Colin Griffith creates spaces that his clients describe as “works of art,” “signifying [our] passion for life,” and “places to love more every day.” He’s designed urban bachelor pads to family mountain retreats and is in such demand that, only half way through this year, he’s already exceeded the number of projects he completed in total for 2016.

We spoke to Colin about his process of design, how best to work with interior designers and the priorities that clients should put on designing their home. His insights are as compelling as his designs.


I always say that half of being a good designer is being a good therapist!

I am really good at reading people: body language, posture, interests which help me because so many people starting a design project don’t really know what their true style is, within interiors. So, the biggest part of my job is to extract their true vision and taste and then bring them to life.

Fundamental to two people moving into together is identifying personal tastes and preferences and peeves. And, then, it is all about bringing it together in new ways.

I don’t do curated design. I like everything to be collected and enduring, even if it is all brand new. I like things that tell a story, and a story that is true to the couple. It is really down to making it all about my clients and making sure that they are both reflected in the spaces as individuals and as a couple.


Interior design is very personal and intimate.

I learn a lot about a couple’s wants, needs, future needs and even challenges. I work very hard to earn my client’s trust. I’ve had several projects where the clients trust me so much that they actually give me complete freedom to make design decisions and complete the project after two or three meetings.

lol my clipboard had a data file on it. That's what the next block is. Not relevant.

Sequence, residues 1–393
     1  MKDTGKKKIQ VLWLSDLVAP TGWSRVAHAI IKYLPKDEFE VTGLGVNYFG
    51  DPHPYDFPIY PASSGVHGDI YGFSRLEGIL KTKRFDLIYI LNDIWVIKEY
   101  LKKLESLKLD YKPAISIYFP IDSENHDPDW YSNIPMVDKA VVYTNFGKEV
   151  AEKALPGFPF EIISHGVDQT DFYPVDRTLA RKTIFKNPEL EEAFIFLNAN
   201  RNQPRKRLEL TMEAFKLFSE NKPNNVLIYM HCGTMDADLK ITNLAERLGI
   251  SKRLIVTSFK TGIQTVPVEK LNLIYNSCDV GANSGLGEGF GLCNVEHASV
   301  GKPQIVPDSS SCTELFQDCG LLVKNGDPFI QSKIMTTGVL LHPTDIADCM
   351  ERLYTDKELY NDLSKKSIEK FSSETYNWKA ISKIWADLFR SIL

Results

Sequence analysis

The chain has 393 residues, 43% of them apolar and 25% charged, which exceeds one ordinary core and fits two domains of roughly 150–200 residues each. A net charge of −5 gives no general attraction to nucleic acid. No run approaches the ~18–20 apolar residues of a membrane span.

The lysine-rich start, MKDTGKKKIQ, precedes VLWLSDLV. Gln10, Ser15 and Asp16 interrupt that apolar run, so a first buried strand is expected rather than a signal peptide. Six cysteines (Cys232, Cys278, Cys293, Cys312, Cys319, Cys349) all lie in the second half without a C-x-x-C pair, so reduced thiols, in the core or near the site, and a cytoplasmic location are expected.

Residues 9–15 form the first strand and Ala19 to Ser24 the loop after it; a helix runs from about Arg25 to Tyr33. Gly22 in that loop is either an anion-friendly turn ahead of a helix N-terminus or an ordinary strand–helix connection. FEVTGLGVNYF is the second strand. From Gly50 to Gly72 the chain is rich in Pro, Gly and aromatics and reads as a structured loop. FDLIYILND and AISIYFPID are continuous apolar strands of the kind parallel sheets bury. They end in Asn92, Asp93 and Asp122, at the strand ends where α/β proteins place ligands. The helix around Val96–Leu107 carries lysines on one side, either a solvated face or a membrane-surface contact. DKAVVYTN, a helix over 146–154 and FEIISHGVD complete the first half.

Great clients are ones who are open to exploring. I create spaces that enable my clients to live the life they want to live and in order to do that we have to take some risk and have some trust

And, clients who are honest are great clients. You’re not going to hurt my feelings if you tell me you don’t like something. It is much worse to not say what you like or don’t like about something. Worst yet, is not even having an opinion! If I don’t know what someone really loves or really hates, I can’t create their vision.


The biggest service a client can do for me is to come with images.

Tear them out of magazines, earmark them in books. Show me everything you like and even what you don’t like, because I can very quickly identify patterns and themes. And, especially with couples, I encourage them to do this independently and pull out images that speak to them – even if they don’t know why – to find out what they have in common and understand how they are different. If clients come to me with 500 images of things they like, they cut down my design time by at least 15%.

I don’t put things in a home just to fill space. Each piece is thought out and strategic. If people love books, why not have a coffee table book from one of your favorite trips or destinations-it allows guests to inquire about it and invites them into your home and adventures a couple has created together. It’s a great icebreaker.